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ERIC Number: EJ803579
Record Type: Journal
Publication Date: 2008
Pages: 8
Abstractor: ERIC
Reference Count: 13
ISBN: N/A
ISSN: ISSN-0271-0560
Service Learning as an Expression of Ethics
Newman, Julie
New Directions for Higher Education, n142 p 17-24 Sum 2008
The demonstrated willingness of institutions of higher education to contribute to sustainable development is on the rise. Colleges and universities are attempting to integrate principles of sustainability into their operational practices, curriculum, and research priorities. Integrating sustainability into a university requires processes by which to reconcile a shared vision of a sustainable institution with the complexity, abstraction, and depth as well as the moral and ethical implications that sustainability purports. An underlying driver of this movement is that the graduates of these institutions, regardless of discipline, will be forced to cope with unprecedented environmental circumstances. Students enrolled in two- and four-year degree programs will face a new set of local and global challenges on entrance into the workforce. One way in which college graduates will become exposed to these global complexities is if their universities are prepared and willing to make difficult decisions and embrace the underlying principles of sustainable development. At the core of this challenge remains the fundamental question of how students will become exposed to these pressing issues and be educated to derive solutions. The National Wildlife Federation issued a report titled the "National Report Card on Environmental Performance and Sustainability in Higher Education" (2001). The report findings suggested that a variety of educational models have been developed that include degree requirements and interdepartmental minors to curricular integration and research opportunities. One area that is not highlighted but warrants further exploration is the applicable lessons learned and models of service learning pedagogy. Discussion on education for sustainability is not novel. However, what is unique is the opportunity to fuse existing innovative pedagogical models in a manner that responds to the desired learning outcomes related to sustainability. The purpose of this article is to explore how an existing pedagogical model known as "service learning" could be harnessed and expanded as a heuristic model by which to educate and engage students with respect to the complex nature of sustainability. (Contains 2 tables.)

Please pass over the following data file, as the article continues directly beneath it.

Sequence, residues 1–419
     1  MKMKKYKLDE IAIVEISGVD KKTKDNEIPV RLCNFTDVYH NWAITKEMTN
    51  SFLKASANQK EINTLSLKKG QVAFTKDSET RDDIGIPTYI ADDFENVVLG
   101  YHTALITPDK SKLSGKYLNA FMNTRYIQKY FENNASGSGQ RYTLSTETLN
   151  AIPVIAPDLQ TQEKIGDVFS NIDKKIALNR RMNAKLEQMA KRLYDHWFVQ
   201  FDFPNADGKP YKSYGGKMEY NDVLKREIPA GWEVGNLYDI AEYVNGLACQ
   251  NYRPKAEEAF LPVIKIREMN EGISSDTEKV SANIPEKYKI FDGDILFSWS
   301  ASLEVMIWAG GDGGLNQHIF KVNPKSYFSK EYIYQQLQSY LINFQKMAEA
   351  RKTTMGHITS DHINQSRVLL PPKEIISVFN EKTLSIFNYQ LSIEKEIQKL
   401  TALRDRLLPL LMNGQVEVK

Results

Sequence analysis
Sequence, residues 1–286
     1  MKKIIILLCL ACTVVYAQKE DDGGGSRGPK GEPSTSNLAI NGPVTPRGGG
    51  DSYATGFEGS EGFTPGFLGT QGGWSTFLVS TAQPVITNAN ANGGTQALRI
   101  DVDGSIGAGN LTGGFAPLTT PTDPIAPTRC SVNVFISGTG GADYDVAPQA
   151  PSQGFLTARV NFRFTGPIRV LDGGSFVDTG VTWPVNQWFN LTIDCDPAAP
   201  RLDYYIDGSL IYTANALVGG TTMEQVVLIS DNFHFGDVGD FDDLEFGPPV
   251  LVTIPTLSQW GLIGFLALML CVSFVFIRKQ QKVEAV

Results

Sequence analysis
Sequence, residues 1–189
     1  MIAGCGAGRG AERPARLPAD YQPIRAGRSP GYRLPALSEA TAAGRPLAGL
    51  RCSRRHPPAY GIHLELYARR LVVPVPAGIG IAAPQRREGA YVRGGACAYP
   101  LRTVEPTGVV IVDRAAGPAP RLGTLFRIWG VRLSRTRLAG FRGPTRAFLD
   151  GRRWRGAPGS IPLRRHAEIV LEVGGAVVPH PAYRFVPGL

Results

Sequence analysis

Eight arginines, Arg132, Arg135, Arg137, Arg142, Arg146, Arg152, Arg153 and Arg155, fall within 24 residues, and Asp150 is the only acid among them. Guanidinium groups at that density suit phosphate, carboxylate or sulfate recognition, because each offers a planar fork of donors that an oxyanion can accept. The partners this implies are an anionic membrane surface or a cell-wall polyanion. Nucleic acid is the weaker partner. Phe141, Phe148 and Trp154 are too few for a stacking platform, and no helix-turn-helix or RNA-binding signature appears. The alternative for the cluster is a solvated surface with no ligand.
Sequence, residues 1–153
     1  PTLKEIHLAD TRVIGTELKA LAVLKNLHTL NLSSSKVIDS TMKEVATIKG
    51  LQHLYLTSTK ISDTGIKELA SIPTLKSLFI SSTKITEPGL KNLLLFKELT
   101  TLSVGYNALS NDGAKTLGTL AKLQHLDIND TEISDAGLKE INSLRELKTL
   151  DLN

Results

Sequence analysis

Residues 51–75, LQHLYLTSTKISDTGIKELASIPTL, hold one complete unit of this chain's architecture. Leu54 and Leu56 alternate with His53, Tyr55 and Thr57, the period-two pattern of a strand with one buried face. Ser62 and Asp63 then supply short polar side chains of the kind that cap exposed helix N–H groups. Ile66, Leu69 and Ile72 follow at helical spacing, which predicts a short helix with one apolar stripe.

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Publication Type: Journal Articles; Reports - Descriptive
Education Level: Higher Education
Audience: N/A
Language: English
Sponsor: N/A
Authoring Institution: N/A